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A case of extraordinary impact

      “The case is earth-shattering,” exults Ori Soltes, chairman of the Holocaust Art Restitution Project in Washington. Not only “because of the fame of Klimt and the value of the works,” but also because “it completely revamps Austria's position in this whole issue, pushing them toward the head of the class of trying to right wrongs.”

      Jane Kallir, co-director of the Galerie St. Etienne in New York, the oldest gallery in the United States specializing in Austrian and German Expressionism, could hardly believe it. “It is a quirk of history that a painting like this should be returned to the international marketplace,” she says. “No modern icon of comparable fame or value is going to come back to market.”

      As for Schoenberg, “I’m incredibly proud of him,” Maria says. “He’s a terrifically bright person and works like a slave.”

      Schoenberg is also proud of himself. “I doubt that I’ll do anything this momentous again,” he says.

      After the arbitration panel announced its decision, Austria speculated that it might buy the paintings but then decided that it could not afford their $300 million price tag.

      Austrian newspapers reported that Schoenberg’s fee would amount to 40 percent of the art works’ value. But when an Austrian reporter asks him about it, Schoenberg does not want to talk about money. The 40-percent-figure is “not necessarily correct,” he tells a reporter, on the phone from Austria. “It’s a little bit anti-Semitic, I think. It wouldn’t be news in the United States that people make money for succeeding, but somehow, when people talk about our success, what Maria will be getting, or what I’ll be getting, somehow the focus is on that.”


If the Austrians are sad to say goodbye to Adele’s portrait, long hailed as a national treasure, so be it, Schoenberg says. “No one was crying when my grandparents were fleeing or when Maria Altmann was fleeing."

      If the Austrians are sad to say goodbye to Adele’s portrait, long hailed as a national treasure, so be it, Schoenberg says. “No one was crying when my grandparents were fleeing or when Maria Altmann was fleeing,” he says. “There should be some pain attached to the exile.” In a way, the gold portrait of Adele is the last exile, he says, “a fitting conclusion to the migration of the Austrian Jewish community.”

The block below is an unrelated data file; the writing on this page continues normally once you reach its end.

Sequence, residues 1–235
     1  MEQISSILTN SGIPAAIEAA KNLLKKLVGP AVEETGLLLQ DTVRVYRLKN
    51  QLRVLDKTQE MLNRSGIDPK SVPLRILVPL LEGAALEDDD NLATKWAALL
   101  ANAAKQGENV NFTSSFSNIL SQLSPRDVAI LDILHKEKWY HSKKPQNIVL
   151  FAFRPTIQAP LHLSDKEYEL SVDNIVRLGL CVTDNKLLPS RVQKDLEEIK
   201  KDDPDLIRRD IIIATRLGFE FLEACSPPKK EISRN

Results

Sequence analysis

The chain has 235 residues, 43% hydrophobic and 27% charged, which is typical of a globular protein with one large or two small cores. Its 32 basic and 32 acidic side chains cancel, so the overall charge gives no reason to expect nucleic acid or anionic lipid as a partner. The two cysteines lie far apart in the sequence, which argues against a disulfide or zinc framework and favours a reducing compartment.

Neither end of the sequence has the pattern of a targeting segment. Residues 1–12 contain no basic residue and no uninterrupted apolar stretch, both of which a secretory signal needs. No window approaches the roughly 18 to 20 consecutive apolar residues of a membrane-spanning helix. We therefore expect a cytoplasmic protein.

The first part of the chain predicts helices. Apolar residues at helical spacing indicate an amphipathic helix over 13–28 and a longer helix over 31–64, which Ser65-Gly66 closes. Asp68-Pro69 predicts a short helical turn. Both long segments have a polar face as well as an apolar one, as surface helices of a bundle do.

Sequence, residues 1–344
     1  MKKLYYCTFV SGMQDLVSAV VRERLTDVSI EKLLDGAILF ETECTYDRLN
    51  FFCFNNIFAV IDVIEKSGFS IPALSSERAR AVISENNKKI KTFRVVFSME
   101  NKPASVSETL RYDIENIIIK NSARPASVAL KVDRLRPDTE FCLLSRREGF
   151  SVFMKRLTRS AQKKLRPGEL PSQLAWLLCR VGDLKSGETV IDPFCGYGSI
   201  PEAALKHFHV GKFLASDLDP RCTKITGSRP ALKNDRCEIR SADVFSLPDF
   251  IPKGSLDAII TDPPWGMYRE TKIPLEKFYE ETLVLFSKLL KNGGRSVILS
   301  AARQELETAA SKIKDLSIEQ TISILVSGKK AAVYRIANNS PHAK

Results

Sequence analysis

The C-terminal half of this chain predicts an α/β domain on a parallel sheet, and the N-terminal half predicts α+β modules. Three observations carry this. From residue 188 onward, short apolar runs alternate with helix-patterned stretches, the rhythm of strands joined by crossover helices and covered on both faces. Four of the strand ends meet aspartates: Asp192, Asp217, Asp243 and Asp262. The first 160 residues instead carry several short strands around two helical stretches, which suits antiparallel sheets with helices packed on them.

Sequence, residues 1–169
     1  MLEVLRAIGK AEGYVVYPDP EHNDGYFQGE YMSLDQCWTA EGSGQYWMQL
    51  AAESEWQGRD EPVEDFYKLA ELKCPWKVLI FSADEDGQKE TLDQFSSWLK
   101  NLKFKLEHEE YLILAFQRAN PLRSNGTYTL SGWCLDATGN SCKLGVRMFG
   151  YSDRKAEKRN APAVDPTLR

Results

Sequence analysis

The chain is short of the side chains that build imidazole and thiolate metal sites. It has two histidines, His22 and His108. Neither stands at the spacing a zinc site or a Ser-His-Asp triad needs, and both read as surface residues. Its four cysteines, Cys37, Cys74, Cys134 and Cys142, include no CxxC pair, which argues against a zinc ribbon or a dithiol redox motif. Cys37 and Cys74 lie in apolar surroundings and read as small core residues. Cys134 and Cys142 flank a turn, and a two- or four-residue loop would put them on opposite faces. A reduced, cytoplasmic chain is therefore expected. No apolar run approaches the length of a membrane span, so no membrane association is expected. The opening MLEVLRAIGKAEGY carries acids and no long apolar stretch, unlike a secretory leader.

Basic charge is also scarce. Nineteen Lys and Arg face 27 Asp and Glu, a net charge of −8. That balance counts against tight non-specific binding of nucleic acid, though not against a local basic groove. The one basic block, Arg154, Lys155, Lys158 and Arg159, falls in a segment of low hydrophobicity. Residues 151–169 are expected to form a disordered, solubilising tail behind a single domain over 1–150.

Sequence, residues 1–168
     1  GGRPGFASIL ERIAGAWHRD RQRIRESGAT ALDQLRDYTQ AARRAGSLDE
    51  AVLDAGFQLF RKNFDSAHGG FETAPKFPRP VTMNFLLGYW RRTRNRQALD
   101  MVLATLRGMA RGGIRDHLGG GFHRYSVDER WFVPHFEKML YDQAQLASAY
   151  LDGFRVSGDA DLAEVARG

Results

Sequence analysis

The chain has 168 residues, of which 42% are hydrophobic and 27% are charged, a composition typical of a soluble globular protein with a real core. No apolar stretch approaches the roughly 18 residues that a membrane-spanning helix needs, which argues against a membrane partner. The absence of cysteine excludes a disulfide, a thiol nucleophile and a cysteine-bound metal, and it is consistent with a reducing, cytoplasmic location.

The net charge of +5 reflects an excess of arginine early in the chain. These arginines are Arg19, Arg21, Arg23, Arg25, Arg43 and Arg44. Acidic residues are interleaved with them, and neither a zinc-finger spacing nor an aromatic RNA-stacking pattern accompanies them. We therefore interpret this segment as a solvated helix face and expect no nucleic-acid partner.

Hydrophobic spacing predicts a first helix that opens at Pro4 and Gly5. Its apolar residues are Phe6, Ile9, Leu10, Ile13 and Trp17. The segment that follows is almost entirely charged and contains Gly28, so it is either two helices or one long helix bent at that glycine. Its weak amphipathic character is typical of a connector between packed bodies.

Now, the Klimt paintings, remnants of another world, hang on the walls of the Los Angeles County Museum of Art, in a special exhibition running through June 2006. Michael Govan, the museum’s new director, has resolved to “tell the story surrounding the family, its relationship to the artist, and their ownership of the paintings.”

      For Schoenberg, telling the story is paramount.

      “Obviously, there’s the fame and fortune that comes with winning, and that feels good,” Schoenberg says. “But I always felt it was necessary to tell the story, and not allow the lie to persist,” he says.

      In his office, where a sketch of him arguing before the Supreme Court hangs behind his desk, and framed newspaper articles about the case line the wall to his right, Schoenberg recalls a piece he once read that categorized the kinds of third-generation Holocaust survivors. One type, in particular, resonated with him.

      “I was like, oh my God, that’s me,” he says. “It is the one who intuits, without even being told, (that) they have to be the repository of all the history and tell the story.” They call him “the torch bearer.”

 

 

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